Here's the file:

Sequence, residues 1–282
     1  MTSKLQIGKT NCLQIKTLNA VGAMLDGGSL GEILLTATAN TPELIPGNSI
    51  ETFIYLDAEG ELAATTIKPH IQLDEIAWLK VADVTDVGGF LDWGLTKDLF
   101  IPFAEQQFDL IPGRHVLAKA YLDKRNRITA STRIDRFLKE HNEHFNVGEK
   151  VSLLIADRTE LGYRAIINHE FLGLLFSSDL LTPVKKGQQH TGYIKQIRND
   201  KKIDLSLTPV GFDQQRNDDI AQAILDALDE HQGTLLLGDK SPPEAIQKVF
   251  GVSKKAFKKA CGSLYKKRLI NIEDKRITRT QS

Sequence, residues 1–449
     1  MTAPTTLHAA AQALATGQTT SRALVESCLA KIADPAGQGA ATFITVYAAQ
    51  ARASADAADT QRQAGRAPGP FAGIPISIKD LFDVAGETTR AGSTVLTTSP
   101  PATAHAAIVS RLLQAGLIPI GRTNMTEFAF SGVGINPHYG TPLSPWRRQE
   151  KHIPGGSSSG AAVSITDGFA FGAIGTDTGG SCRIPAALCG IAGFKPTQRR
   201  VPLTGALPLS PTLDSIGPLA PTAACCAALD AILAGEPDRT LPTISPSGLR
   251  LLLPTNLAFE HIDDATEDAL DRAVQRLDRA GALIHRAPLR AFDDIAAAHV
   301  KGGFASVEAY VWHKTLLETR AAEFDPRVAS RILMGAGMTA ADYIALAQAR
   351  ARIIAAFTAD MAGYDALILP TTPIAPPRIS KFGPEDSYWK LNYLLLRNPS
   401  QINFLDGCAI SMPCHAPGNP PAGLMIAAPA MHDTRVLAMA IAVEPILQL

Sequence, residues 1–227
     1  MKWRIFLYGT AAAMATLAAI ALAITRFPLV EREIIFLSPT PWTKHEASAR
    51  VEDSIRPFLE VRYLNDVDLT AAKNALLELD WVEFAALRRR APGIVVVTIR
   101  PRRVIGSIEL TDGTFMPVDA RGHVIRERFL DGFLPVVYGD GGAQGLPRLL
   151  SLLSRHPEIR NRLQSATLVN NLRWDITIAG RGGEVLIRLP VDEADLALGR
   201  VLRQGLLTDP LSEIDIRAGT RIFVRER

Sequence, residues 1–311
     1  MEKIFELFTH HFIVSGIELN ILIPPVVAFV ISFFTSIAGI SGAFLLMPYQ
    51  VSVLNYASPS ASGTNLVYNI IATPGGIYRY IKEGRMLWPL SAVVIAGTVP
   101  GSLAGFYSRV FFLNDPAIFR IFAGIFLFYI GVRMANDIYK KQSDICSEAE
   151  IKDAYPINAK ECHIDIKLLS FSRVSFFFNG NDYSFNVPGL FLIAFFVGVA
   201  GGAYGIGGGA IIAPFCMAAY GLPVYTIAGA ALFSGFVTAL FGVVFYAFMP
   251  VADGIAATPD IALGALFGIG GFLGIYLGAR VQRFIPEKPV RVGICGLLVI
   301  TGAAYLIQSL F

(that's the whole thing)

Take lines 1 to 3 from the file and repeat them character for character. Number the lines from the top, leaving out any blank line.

Sequence, residues 1–282
     1  MTSKLQIGKT NCLQIKTLNA VGAMLDGGSL GEILLTATAN TPELIPGNSI
    51  ETFIYLDAEG ELAATTIKPH IQLDEIAWLK VADVTDVGGF LDWGLTKDLF